1-800-955-8771.
WITNESS my hand and seal of this Court on this
6 day of November, 2008.
B: Lydia Gardner
Clerkc of the Circuit Court
11/13, 11/20


IN THE CIRCUIT COURT OF THE NINTH JUDICIAL
CIRCUIT IN AND FOR ORANGE COUNTY, FLORIDA
Case No. 08-CA-15791 Dw 37
STRUSTCb BANK,
Plaintiff,
vs.
MARIA N. RUEDA,
Defendants.
NOTICE OF SALE
Notice is hereby given that on the 21 day of Nov.,
2008, at 11:00 a.m. in Room 350 of the Courthouse
of Orange County, Florida, 425 S. Orange Avenue,
Orlando FL 32801 the undersigned Clerkc will offer
for sale the following described real property:
LOT 66, HEATHER GLENN AT MEADOW
WOODS, AS PER PLAT THEREOF, RECORDED
IN PLAT BOOK 43 PAGES 134, PUBLIC
RECORDS OF ORANGE COUNTY FLORIDA.

The aforesaid sale will be made pursuant to the
Final Judgement of Foreclosure in Civil Case No.
08-CA-15791 Div. 37 now pending in the circuit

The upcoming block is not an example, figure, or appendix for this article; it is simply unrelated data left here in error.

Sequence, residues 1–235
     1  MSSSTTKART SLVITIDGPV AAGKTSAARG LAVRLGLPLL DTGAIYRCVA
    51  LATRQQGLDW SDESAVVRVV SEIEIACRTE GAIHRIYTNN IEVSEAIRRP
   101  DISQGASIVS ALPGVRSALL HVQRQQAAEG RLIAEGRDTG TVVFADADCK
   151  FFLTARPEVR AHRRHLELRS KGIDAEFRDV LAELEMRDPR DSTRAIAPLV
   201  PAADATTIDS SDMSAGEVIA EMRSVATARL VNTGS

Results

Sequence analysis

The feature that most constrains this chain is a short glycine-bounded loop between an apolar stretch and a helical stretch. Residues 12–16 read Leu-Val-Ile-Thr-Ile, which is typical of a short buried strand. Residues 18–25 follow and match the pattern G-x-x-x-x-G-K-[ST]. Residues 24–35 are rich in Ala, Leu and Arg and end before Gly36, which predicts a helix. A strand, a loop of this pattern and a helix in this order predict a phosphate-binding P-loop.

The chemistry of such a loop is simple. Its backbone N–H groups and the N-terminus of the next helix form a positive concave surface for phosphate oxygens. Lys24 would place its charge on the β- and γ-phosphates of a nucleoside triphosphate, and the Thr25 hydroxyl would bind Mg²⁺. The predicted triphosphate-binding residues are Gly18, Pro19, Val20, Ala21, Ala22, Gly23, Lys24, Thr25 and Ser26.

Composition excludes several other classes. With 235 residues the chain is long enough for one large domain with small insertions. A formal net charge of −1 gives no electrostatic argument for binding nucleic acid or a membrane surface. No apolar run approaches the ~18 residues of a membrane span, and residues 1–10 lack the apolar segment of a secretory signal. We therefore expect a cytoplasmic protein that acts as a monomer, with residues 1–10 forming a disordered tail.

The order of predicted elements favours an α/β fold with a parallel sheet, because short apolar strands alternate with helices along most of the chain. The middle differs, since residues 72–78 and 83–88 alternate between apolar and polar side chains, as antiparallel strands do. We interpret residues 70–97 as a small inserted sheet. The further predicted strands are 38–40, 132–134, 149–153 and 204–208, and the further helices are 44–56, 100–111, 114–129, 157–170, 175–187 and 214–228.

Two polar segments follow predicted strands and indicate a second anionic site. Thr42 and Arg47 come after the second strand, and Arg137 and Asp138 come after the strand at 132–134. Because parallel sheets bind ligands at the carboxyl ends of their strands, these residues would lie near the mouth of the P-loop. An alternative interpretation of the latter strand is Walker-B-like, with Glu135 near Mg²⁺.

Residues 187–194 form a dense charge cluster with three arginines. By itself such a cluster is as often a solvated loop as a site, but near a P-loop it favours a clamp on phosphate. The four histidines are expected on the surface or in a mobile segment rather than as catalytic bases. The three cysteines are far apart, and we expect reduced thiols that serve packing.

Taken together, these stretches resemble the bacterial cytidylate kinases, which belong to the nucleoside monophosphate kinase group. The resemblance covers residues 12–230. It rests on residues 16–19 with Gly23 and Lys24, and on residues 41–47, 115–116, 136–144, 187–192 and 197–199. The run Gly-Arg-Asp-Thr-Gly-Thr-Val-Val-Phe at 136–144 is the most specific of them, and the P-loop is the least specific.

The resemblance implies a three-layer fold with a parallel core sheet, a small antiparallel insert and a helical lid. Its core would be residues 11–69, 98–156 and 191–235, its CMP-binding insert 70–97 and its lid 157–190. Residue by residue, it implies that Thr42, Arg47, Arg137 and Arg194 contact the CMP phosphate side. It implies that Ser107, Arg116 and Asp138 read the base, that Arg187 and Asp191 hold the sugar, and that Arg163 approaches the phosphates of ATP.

Court in Orange County, Florida.
In accordance with the Americans With
Disabilities Act, persons with disabilities needing
a special accommodation to participate In this pro-
ceeding should contact Court Administration at 37
North Orange Avenue, Suite 1130, Orlando, Florida
32801, telephone number 407/836-2050, not later
than seven (7) days pliarto the proceeding. If hear-
ing impaired, (TDD) 1-800-955-8771, or Voice (V)
1-800-955-8770, via Florida Rilay Service.
Any person claiming an interest in the surplus
from the sale, if any, other than the property owner
as of the date of the Lis Pendens must file a claim
within sixty (60) days after the sale.
Dated this 30 day of October, 2008.
LYDIA GARDNER
lerk of the Circuit Court
By MAYRA 1. CRUZ
CIVIL COURT SEAL
As Deputy Clerk
JEFFRY R. JONTZ
SWANN & HADLEY, P.A.